The Soft Side by Henry James

The Soft Side

byHenry James

Kobo ebook | March 8, 2015

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George Dane had waked up to a bright new day, the face of nature well washed by last night's downpour and shining as with high spirits, good resolutions, lively intentions—the great glare of recommencement, in short, fixed in his patch of sky. He had sat up late to finish work—arrears overwhelming; then at last had gone to bed with the pile but little reduced. He was now to return to it after the pause of the night; but he could only look at it, for the time, over the bristling hedge of letters planted by the early postman an hour before and already, on the customary table by the chimney-piece, formally rounded and squared by his systematic servant. It was something too merciless, the domestic perfection of Brown. There were newspapers on another table, ranged with the same rigour of custom, newspapers too many—what could any creature want of so much news?—and each with its hand on the neck of the other, so that the row of their bodiless heads was like a series of decapitations. Other journals, other periodicals of every sort, folded and in wrappers, made a huddled mound that had been growing for several days and of which he had been wearily, helplessly aware. There were new books, also in wrappers as well as disenveloped and dropped again—books from publishers, books from authors, boeks from friends, books from enemies, books from his own bookseller, who took, it sometimes struck him, inconceivable things for granted. He touched nothing, approached nothing, only turned a heavy eye over the work, as it were, of the night—the fact, in his high, wide-windowed room, where the hard light of duty could penetrate every corner, of the unashamed admonition of the day. It was the old rising tide, and it rose and rose even under a minute's watching. It had been up to his shoulders last night—it was up to his chin now. Nothing had passed while he slept—everything had stayed; nothing, that he could yet feel, had died—many things had been born. To let them alone, these things, the new things, let them utterly alone and see if that, by chance, wouldn't somehow prove the best way to deal with them: this fancy brushed his face for a moment as a possible solution, just giving it, as many a time before, a cool wave of air. Then he knew again as well as ever that leaving was difficult, leaving impossible—that the only remedy, the true, soft, effacing sponge, would be to be left, to be forgotten. There was no footing on which a man who had ever liked life—liked it, at any rate, as he had—could now escape from it. He must reap as he had sown. It was a thing of meshes; he had simply gone to sleep under the net and had simply waked up there. The net was too fine; the cords crossed each other at spots so near together, making at each a little tight, hard knot that tired fingers, this morning, were too limp and too tender to touch. Our poor friend's touched nothing—only stole significantly into his pockets as he wandered over to the window and faintly gasped at the energy of nature. What was most overwhelming was that she herself was so ready. She had soothed him rather, the night before, in the small hours by the lamp. From behind the drawn curtain of his study the rain had been audible and in a manner merciful; washing the window in a steady flood, it had seemed the right thing, the retarding, interrupting thing, the thing that, if it would only last, might clear the ground by floating out to a boundless sea the innumerable objects among which his feet stumbled and strayed. He had positively laid down his pen as on a sense of friendly pressure from it. The kind, full swash had been on the glass when he turned out his lamp, he had left his phrase unfinished and his papers lying quite as if for the flood to bear them away on its bosom. But there still, on the table, were the bare bones of the sentence—and not all of those; the single thing borne away and that he could never recover was the missing half that might have paired with it and begotten a figure.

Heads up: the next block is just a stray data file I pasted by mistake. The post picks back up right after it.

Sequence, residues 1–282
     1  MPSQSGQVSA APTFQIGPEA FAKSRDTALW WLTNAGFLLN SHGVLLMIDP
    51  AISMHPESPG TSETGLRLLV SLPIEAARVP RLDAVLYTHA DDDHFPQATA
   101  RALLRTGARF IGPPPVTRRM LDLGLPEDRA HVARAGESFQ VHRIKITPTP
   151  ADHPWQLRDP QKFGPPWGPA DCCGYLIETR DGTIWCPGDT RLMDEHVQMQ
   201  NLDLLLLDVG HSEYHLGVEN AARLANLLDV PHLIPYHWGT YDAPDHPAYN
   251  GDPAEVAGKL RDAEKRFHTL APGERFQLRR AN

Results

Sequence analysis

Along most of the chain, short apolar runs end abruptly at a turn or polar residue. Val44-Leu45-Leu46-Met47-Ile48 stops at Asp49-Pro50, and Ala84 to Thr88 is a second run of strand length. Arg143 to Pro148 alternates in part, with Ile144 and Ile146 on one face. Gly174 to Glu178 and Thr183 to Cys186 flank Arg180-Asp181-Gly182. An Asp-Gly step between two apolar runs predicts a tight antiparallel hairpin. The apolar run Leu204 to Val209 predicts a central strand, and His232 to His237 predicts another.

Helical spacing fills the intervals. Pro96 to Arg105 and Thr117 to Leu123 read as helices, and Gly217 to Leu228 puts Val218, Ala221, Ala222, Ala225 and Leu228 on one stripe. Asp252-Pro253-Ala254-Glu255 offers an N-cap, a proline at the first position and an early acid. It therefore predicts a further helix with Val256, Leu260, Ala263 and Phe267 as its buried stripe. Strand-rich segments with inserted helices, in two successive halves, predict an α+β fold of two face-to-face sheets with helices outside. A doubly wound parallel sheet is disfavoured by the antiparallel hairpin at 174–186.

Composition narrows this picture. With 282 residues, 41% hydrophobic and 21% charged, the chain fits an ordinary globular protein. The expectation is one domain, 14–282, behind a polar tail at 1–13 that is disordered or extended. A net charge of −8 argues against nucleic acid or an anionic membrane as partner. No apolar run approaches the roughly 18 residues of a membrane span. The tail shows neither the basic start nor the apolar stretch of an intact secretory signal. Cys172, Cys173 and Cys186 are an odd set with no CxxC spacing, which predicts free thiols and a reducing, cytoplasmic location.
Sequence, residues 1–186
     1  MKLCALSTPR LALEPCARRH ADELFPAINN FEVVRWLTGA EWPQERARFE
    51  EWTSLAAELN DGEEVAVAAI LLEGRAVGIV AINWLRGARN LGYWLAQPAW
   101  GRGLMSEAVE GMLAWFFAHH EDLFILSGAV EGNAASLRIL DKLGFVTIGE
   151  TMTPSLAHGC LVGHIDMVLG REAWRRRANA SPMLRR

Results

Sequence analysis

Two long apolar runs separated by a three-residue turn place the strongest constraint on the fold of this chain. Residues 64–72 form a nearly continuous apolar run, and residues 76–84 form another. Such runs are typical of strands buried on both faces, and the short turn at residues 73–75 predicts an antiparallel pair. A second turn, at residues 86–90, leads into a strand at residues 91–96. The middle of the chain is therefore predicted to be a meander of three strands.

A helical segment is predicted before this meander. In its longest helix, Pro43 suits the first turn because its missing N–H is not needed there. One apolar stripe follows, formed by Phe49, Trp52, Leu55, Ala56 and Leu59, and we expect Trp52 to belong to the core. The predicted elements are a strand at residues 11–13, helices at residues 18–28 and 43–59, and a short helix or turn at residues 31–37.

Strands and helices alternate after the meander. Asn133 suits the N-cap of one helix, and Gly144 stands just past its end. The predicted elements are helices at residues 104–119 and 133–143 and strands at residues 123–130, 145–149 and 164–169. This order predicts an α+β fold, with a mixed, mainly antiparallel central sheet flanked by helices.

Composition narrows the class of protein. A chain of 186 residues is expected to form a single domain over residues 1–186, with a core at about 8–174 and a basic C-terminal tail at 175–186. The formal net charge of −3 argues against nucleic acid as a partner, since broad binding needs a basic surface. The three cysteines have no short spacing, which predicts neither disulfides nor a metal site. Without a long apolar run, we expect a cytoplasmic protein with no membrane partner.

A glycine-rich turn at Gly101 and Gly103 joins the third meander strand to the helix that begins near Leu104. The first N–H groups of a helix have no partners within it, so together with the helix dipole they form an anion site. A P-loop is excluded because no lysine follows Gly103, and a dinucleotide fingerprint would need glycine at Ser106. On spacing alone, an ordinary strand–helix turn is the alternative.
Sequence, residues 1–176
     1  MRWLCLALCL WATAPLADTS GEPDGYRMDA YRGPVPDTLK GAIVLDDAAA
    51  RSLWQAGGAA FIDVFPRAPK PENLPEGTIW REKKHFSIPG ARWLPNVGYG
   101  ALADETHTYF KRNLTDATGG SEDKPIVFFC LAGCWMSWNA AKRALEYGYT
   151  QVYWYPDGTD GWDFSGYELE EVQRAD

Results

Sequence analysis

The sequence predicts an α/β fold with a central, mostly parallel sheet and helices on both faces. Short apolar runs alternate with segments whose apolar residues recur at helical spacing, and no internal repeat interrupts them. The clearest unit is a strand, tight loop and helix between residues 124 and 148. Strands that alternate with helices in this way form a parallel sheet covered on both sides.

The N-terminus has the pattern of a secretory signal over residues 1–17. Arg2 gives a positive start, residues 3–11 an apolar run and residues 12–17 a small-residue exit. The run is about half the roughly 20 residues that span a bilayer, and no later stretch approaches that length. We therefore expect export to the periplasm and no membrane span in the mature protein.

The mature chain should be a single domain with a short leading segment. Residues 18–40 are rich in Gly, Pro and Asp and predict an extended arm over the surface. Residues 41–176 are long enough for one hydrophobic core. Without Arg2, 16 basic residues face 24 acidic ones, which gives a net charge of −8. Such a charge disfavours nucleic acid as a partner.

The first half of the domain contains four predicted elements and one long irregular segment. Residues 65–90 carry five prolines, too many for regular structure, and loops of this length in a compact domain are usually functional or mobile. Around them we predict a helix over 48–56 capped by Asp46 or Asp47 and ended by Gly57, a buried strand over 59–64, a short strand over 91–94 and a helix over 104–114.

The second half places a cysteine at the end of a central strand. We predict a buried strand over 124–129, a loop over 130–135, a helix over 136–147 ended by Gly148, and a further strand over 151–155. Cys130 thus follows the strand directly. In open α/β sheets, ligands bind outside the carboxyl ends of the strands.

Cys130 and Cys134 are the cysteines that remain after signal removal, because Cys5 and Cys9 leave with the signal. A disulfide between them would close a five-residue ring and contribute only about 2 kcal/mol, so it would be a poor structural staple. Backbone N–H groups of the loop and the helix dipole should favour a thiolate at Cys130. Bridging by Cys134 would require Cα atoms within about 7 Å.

Title:The Soft SideFormat:Kobo ebookPublished:March 8, 2015Language:English

The following ISBNs are associated with this title:

ISBN - 10:146561253X

ISBN - 13:9781465612533

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